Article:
Tears began to flow as I was sitting in a living room with a few other ladies, the kind of tears that you didn’t mean to let fall but couldn’t stop. You see, something almost magical happens when these ladies gather and I get to join. All of the sudden I don’t have to be a rock star mom, an amazing wife, or a devout Christian. I don’t really have to be anything. We are not best friends, even though I enjoy each of them very much. We don’t hang out much besides these couple gatherings a month and a small chat here or there when we have the time, but when we do come together we can share our hearts.
The topic of conversation was casual and turned a bit more passionate when we fell onto the subject of our city and the needs that are so prevalent. That Sunday’s sermon was excellent and has had my head spinning ever since. It was touching, it was motivating, and for me it was frustrating.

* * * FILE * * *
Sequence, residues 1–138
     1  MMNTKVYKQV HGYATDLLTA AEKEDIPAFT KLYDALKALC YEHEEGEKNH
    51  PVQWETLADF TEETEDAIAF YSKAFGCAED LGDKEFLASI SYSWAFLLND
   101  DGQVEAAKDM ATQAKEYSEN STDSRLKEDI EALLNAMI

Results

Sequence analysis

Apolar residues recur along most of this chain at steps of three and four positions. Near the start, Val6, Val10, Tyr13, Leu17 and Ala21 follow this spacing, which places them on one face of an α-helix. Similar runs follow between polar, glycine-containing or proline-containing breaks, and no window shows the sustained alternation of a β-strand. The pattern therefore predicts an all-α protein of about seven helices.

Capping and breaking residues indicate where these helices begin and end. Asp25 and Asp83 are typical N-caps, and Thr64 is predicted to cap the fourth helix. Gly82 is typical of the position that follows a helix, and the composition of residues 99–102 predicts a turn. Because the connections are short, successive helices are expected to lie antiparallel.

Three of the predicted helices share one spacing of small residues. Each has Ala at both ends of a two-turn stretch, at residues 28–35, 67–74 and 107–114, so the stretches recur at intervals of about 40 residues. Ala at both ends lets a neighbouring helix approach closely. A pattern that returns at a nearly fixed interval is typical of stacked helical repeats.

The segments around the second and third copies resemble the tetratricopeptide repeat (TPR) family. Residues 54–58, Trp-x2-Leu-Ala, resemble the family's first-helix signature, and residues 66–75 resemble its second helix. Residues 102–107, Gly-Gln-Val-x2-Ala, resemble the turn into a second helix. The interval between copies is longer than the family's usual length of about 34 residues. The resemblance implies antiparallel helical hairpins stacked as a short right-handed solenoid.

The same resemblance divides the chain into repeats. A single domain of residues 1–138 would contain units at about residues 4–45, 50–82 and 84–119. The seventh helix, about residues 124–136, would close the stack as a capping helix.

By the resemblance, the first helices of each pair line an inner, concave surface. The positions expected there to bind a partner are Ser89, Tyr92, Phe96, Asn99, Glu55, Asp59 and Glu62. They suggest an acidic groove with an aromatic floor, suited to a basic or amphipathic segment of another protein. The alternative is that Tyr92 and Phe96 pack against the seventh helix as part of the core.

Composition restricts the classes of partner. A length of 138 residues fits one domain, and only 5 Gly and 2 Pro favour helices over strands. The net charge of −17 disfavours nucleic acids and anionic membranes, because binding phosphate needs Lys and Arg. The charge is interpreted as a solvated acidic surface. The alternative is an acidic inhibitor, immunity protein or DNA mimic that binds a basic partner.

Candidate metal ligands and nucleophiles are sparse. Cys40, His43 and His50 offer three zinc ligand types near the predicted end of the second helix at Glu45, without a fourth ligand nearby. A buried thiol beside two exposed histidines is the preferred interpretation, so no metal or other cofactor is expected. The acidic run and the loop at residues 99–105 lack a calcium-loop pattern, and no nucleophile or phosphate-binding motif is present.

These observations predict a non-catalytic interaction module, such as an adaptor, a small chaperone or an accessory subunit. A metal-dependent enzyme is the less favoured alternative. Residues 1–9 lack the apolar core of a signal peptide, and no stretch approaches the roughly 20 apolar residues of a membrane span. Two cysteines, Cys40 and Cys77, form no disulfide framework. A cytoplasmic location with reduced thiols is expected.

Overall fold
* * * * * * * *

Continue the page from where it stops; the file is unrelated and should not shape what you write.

And this is why:
The season of life I have stepped into, with much resistance, is a season of healing. Some of us have skeletons in the closet, baggage we are carrying around, pasts that haunt us. And at some point we desire freedom, so we let out the skeletons, unpack the bags, and revisit the past. This is my time. This is my season. I am not overjoyed about this and am like a resistant two year-old saying “No, I don’t wanna!” while stamping her foot so hard her wispy toddler hair bounces from the impact. Reluctantly, I give in.
I’m only at the beginning, just getting started, but am raw from emotion. It’s not easy opening up your heart, the one you have guarded faithfully for many years, the one you have taken care of. So when the process begins, things I have begun experiencing, for lack of better words, are different and unfamiliar.